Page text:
He gets knocked down and he gets up again. Those aren’t just the lyrics to Chumbawamba’s 1990s hit ‘Tubthumping’ but a
reference to Rafael Nadal’s constant battle with his own body.
Scattered between the 14 grand slams he’s collected over the past nine years are a stream of injuries suffered by the Spaniard,
Since his breakthrough French Open victory in 2005, the 28-year-old has been forced to miss five majors as well as the London 2012 Olympics due to injury.
In 2014, he sustained a back problem at the Australian Open in January, injured his right wrist to miss the US Open in August, and ended his season by having an appendectomy in November.
His doctor Angel Ruiz-Cotorro later revealed that Nadal was to receive stem cell treatment on his spine, in an attempt to put his back troubles to rest.
With Nadal set to open his 2015 campaign at the Mubadala World Tennis Championship in Abu Dhabi on Friday, the world awaits
yet another resurgence from the Mallorcan.
“I did a lot of treatment on my back since Australia last year,” Nadal told Sport360.
“Some worked for a few weeks, other ones for a little bit longer… one didn’t work. We always tried to fix the things we need to fix to be competing at 100 per cent.
“In general, the feeling physically is okay and I hope to be ready to compete well in Abu Dhabi and Doha and Australia.”
Nadal’s doctor explained last month that he was about to place stem cells in a joint his spine to regenerate cartilage and produce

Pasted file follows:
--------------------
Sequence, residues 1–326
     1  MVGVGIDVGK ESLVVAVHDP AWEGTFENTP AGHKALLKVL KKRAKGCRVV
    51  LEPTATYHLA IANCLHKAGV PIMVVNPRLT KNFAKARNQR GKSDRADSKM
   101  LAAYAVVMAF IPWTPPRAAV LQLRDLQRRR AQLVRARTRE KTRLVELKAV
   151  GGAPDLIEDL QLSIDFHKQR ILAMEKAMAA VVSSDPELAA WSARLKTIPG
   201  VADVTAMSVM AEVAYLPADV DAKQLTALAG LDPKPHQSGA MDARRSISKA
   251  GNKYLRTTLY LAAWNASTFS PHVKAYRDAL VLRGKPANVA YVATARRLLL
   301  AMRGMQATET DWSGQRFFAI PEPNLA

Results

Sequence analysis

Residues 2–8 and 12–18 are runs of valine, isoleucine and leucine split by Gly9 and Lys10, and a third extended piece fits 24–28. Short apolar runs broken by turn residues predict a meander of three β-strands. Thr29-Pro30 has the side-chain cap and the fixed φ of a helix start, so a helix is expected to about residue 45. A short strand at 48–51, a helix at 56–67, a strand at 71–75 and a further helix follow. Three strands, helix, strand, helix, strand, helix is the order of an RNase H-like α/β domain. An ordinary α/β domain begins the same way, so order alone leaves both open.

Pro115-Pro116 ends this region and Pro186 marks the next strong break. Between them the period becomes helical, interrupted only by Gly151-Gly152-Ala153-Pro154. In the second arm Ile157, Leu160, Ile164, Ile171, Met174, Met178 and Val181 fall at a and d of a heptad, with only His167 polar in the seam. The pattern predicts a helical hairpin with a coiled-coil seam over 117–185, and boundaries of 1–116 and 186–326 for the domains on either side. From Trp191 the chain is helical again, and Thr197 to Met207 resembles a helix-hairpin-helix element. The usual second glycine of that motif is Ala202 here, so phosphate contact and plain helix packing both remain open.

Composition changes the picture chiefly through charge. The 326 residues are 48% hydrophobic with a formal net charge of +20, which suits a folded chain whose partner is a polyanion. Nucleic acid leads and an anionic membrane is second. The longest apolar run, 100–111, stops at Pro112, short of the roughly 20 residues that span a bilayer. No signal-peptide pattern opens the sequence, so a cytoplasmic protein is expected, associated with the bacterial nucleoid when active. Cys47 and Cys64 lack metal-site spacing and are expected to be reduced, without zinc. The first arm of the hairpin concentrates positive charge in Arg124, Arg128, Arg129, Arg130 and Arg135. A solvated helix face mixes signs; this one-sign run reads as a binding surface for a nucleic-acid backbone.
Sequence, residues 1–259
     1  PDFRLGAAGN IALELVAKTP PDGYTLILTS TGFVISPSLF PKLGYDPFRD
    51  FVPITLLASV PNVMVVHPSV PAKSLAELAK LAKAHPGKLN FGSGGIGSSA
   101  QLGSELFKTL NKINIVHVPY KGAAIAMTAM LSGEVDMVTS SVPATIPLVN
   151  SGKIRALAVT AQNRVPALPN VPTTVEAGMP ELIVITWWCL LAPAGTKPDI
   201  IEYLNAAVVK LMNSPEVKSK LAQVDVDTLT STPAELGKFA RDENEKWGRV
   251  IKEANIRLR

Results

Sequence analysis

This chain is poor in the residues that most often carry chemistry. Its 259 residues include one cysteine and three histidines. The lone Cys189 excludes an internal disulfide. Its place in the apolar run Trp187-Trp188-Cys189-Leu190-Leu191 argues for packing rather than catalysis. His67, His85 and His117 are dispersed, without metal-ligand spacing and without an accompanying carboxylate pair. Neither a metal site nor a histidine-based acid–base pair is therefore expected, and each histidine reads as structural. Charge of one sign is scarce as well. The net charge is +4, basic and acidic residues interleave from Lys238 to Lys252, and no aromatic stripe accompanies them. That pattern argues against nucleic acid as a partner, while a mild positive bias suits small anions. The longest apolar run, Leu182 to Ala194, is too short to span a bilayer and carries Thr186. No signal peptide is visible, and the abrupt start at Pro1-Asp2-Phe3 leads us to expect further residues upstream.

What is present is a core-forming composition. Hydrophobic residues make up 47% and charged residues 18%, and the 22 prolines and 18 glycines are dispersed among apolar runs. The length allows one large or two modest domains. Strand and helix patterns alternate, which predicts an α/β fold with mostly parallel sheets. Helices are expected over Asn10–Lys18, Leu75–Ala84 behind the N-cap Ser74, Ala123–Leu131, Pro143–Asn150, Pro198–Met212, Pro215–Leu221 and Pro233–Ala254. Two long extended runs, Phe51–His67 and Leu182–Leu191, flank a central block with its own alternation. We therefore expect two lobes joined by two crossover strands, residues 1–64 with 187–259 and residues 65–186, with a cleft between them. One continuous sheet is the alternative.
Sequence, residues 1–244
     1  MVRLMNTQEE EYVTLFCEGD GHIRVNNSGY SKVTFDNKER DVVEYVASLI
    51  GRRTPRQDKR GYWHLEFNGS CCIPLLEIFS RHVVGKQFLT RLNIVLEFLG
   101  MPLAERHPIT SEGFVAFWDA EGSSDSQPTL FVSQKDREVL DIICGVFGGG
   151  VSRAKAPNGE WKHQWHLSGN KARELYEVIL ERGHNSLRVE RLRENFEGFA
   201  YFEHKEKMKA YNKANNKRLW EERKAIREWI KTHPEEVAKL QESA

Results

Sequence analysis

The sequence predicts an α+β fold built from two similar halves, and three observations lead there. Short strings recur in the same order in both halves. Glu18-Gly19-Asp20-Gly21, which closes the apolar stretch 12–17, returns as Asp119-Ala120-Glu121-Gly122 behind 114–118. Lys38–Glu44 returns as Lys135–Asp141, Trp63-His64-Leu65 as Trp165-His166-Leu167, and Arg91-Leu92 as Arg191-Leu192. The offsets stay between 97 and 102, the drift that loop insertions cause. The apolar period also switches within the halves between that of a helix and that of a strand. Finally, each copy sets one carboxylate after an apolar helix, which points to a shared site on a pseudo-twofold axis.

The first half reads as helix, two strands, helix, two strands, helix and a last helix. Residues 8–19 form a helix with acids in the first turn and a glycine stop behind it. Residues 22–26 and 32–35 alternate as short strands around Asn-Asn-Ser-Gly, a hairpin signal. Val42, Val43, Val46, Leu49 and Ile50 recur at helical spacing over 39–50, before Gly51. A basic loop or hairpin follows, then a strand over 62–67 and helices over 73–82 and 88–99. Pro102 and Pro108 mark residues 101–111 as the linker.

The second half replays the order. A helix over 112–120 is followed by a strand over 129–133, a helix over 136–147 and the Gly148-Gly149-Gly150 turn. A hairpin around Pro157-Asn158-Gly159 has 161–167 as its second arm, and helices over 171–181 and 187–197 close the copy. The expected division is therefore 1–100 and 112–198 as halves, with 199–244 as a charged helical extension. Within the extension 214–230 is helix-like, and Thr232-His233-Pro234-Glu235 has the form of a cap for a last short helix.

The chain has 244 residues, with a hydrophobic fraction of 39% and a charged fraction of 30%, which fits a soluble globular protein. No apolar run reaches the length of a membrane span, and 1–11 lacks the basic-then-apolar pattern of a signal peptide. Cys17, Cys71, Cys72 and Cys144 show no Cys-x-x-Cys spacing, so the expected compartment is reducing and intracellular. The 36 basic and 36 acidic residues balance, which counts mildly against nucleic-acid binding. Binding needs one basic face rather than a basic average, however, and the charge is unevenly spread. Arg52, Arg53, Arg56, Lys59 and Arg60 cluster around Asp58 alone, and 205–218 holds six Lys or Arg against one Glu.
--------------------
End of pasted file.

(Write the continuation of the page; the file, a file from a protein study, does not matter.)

an anti-inflammatory effect. And while the world No3 is believed to have received the treatment already, he refused to confirm it or discuss it in any detail.
“To talk about that you have to talk to the doctor. Because I am not ready to talk about these kind of things as I don’t have the whole information,” he explains.
“I had different treatments on my back and I am not able to talk about all of them as I don’t have the information on all of them.
They were done with different doctors and sometimes it worked well and sometimes not. And in the case of my back, it was tough to find the real thing that helped me, and I hope that the last one would be a positive one.”
Nadal concedes that 2014 was a tough year for him, but it is one he still considers a success having captured four titles including a ninth French Open crown, along with an appearance in the Australian Open final.
“It wasn’t a negative season in terms of all results, it was a negative season in terms of mentality because it was hard for me to
accept that I wasn’t able to compete for the whole year,” he adds.
Despite the mental challenge last season posed, Nadal does not allow his physical issues to overwhelm him.
He says: “I’m a very happy guy. I have a great family around me, a lot of friends, and in Mallorca I enjoy the family, friends and I
enjoy the life. I’m not thinking about my injuries every minute.
“I’m thinking about all the positive things and how lucky I am to be where I am and all the things that life gives me. Many people are in a much more negative condition than me. So I’m happy and I can just say thanks to life for all it’s given me.”